May 2011


  • Global positioning
    PISA data shows English and Welsh schools’ performance falling behind that of other countries. Or does it? And is importing other nations’ education policies the way to move up the tables? It’s not that simple, says Ian Bauckham. More
  • Business studies
    Government figures show a quarter of secondary schools have converted to academy status. But is the transition merely a change in funding distribution, or a radical overhaul of how schools operate? With a ten-week timetable, t two business managers from a mixed comprehensive in Cumbria found out. More
  • Speaking their language
    A six-year ASCL project has found that learning a group of languages at primary school can have a positive influence on children’s attitudes to languages and their choices at GCSE, though there were more surprising results. More
  • Positive gestures
    The education system is still highly compartmentalised, says Les Walton. It is time for heads, principals and others to dismantle the boundaries between their sectors and learn from each other. More
Bookmark and Share

A six-year ASCL project has found that learning a group of languages at primary school can have a positive influence on children’s attitudes to languages and their choices at GCSE, though there were more surprising results.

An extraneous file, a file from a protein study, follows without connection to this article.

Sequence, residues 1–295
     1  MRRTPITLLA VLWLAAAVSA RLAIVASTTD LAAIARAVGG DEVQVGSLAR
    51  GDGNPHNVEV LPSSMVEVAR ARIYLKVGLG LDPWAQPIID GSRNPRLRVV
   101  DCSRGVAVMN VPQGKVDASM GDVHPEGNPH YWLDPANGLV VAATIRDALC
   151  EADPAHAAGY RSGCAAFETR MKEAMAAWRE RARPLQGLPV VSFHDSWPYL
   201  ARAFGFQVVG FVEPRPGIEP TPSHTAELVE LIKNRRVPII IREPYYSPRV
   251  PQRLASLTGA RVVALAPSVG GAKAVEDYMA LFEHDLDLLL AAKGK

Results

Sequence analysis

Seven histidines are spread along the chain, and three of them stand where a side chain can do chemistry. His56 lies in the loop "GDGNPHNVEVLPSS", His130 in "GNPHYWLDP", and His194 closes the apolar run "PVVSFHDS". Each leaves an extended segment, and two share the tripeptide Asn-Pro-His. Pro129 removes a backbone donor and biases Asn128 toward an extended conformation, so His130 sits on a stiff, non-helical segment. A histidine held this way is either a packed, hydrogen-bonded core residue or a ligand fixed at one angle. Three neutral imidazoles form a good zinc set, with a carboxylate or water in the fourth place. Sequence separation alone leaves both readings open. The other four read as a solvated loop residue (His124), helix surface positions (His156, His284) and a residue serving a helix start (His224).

Speaking their language

In 2004, ASCL began a project on the development of modern foreign languages in primary school. Funded by the Esmée Fairbairn Foundation, the Discovering Language project aimed to develop ‘multi-lingual language awareness’ as a foundation for language learning in Key Stage 3. In the longer term it examined whether introducing languages to children in this way would encourage them to take up the subject at GCSE.

Pupils in primary schools in three English local authorities took short courses in French, German, Spanish, Japanese, Latin and Punjabi in years 5 and 6. They were then tracked through their secondary schools and the study was completed in 2010 when the pupils had reached year 11.

The impact of the programme on year 10 students was positive in many ways, as both students and their teachers highlighted. However, because so many other factors are involved it is difficult to make generalised conclusions and to establish whether participation did increase take-up of languages at Key Stage 4.

There are, for example, significant differences between individual schools which invariably have an effect on the popularity of languages. Students’ decisions to continue or discontinue a language beyond Key Stage 3 were also influenced by factors such as their parents’ and siblings’ experiences of language learning. Literacy in English may also make a difference.

However, focusing on one factor only – young people’s experiences of language learning at primary school – does reveal some interesting findings.

Cultural attitudes